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Even though I move buildings for a living, not every old house is worth saving. Once you factor in the expense of preparing a building for lifting or moving, and the cost of the actual lift itself, it may well make more sense to demolish and start new. But, fortunately for my business, there are also enough good reasons to salvage an older house. For example, in order to add a second story to an existing building, the builder must prove that the foundation can handle the added structural load. If the foundation fails on analysis, replacement is a common option, facilitated by raising the house. Then, there are older houses of good quality that are sold cheaply to be relocated to a new site. With some cosmetic repair and re-connection to utilities, these houses get a new lease on life. And, occasionally, a house is defined as a valuable antique and worthy of preservation, even if it means a delicate and expensive relocation. That was the case with a recent job we undertook moving the ancestral home of the Nickerson family, a classic Cape Cod house, across town and onto a new foundation. The house was not large, measuring 25 by 31 feet, with a small kitchen ell that could be cut away and moved separately. The main structure, however, had to remain intact. But it's one thing to move a house built in 1972, where standardized construction makes the process predictable. This exemplary post-and-beam house was built in 1772, and there was nothing at all predictable about moving it. Nonetheless, it provides a good extreme case study.

Evaluating the Structure

One of the first steps in evaluating a building for lifting is to check the condition of the building's underpinnings — the perimeter sill and floor joists. In this case, that meant hand-digging a few exploratory holes to inspect the framing over the marginal crawlspace foundation. The foundation was a double-wide course of locally made brick, laid about six high directly on grade. The stable, free-draining sandy soil on the site has to be credited with the exceptional condition of the oak sill and floor joists, which had only inches of clearance above the roughly leveled grade.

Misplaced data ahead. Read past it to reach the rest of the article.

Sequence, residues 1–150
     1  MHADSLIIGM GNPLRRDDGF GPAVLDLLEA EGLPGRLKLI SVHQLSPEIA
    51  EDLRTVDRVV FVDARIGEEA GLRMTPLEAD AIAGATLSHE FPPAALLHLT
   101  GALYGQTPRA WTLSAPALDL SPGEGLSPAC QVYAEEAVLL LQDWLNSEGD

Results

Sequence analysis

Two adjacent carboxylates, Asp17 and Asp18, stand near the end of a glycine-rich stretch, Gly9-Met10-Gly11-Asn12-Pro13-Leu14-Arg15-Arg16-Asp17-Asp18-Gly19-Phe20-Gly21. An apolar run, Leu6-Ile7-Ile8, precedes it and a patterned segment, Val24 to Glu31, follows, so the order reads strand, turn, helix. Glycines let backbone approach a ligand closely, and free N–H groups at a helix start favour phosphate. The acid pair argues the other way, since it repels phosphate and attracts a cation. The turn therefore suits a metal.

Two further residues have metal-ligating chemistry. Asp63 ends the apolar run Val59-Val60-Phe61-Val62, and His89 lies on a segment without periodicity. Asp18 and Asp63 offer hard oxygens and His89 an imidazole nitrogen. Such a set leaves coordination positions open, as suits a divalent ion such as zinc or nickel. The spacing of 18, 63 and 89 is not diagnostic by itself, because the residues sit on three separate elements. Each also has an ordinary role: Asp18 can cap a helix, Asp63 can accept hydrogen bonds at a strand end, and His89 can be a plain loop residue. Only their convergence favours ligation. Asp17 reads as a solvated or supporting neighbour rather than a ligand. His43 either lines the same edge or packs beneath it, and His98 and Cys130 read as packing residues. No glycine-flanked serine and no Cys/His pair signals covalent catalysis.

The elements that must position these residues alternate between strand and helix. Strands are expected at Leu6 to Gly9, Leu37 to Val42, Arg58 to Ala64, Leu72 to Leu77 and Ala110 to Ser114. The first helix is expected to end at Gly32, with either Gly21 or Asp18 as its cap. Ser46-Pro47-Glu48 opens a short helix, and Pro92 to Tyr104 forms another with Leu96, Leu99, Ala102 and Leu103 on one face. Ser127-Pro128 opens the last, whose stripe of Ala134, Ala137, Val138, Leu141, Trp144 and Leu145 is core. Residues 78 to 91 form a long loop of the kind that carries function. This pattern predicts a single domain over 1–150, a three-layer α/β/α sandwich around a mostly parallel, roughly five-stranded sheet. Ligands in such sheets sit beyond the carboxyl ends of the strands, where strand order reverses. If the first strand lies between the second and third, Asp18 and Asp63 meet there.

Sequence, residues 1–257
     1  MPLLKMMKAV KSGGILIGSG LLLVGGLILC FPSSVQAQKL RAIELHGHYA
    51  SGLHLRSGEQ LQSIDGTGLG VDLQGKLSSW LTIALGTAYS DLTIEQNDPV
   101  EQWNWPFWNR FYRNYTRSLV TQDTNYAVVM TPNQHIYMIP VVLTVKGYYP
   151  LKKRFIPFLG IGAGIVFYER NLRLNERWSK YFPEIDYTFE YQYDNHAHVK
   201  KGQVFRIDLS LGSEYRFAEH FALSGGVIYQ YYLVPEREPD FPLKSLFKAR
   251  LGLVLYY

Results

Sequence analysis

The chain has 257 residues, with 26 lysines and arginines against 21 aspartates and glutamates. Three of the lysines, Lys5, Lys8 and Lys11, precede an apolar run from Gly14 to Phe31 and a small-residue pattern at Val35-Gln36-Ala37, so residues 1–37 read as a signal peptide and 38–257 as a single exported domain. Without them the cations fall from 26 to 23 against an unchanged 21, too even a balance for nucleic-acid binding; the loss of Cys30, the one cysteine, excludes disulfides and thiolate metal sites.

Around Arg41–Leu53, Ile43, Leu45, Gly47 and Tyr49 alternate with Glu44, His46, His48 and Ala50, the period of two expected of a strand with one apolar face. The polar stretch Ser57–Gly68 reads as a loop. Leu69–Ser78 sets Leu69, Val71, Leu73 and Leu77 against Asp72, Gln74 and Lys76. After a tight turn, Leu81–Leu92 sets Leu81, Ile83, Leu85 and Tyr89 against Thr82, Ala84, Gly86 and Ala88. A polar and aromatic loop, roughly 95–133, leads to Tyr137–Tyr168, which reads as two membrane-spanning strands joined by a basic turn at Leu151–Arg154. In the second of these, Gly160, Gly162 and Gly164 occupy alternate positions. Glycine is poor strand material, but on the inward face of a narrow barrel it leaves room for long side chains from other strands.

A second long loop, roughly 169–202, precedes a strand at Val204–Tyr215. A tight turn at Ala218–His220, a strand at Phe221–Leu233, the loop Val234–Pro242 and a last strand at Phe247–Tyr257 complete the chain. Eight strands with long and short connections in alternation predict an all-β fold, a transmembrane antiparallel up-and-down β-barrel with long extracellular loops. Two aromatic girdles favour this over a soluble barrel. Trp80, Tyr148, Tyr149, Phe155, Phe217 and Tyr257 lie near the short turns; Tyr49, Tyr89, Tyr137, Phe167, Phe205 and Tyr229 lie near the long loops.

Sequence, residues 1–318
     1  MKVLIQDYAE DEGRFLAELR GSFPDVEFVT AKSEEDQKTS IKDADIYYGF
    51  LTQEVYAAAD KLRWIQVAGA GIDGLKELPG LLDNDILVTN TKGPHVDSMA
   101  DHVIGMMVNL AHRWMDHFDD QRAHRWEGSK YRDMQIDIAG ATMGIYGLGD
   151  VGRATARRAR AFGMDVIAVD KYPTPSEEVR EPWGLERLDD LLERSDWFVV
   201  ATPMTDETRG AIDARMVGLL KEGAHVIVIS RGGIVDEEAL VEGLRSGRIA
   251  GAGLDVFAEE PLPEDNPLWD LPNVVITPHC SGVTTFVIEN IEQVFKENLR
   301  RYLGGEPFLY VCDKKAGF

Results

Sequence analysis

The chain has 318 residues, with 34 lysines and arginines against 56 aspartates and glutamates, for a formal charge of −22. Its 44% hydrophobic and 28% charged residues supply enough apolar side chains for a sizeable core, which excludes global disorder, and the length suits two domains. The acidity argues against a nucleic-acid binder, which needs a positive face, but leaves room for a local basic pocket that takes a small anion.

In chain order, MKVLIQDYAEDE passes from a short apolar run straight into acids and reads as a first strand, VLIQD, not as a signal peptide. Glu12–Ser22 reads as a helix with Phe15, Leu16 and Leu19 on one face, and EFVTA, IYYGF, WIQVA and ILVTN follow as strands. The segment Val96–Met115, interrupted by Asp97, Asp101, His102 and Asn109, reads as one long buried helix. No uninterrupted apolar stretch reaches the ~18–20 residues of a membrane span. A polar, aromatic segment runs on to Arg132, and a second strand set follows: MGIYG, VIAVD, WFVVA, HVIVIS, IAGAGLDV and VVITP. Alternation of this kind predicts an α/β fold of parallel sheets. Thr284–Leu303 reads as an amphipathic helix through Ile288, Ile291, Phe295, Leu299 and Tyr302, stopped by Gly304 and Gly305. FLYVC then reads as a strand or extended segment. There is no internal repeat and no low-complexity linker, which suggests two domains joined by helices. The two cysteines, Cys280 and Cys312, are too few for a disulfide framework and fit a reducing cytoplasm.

The house originally stood only inches above grade on a low brick perimeter, with intermediate wood posts at key framing junctions in the floor system.


With the exception of a circular root cellar under the ell, there was virtually no clearance below the joists.


In spite of this, the wood was in remarkably good condition.

This was an unexpected piece of luck, as the rotfree framing would allow us to proceed conventionally by lifting from underneath the sills and floor system. Otherwise, contrary to preservation efforts, we'd have to destructively alter areas of the antique structure in order to lift the building by its walls.

Extreme Lifting

In 2003, we raised a large new house still under construction. The builder was blind-sided by a misinterpreted order of conditions for installing a foundation on a coastal dune. Coastal dunes are generally dynamic formations shaped by wind and waves and provide a natural line of defense against catastrophic beach erosion. Therefore, any proposed building on a coastal dune must conform to strict job-specific conservation regulations. Unfortunately, this project was well under way and tight to the weather when the stop-work order was issued. After long delays and legal wrangling, a solution was reached stipulating that the foundation must be modified to allow dune sand to drift naturally under and around a portion of the building. Instead of a continuous, solid wall, the foundation was to be replaced in part by regularly spaced wood pilings tied to existing helical footings. In addition, the building's elevation was to be raised by about 2 1/2 feet. Of course, this revision turned out to be much easier said than done.


We were forbidden to dig access holes around the foundation to insert the large steel I-beams needed for lifting under the sills. That meant that we had to work from inside the foundation instead, break through the floor at strategic locations, and lift the house by its walls using temporary, nailed-on ledger boards. It also meant that the I-beams would have to be fed in through existing door and window openings. The house measured 135 feet along its delta-shaped length, was 60 feet at its widest point, and incorporated a masonry fireplace and chimney that the builder and homeowner wanted to preserve intact. Not only that, but there were many expensive teak windows already installed that we'd have to take pains to protect from breakage.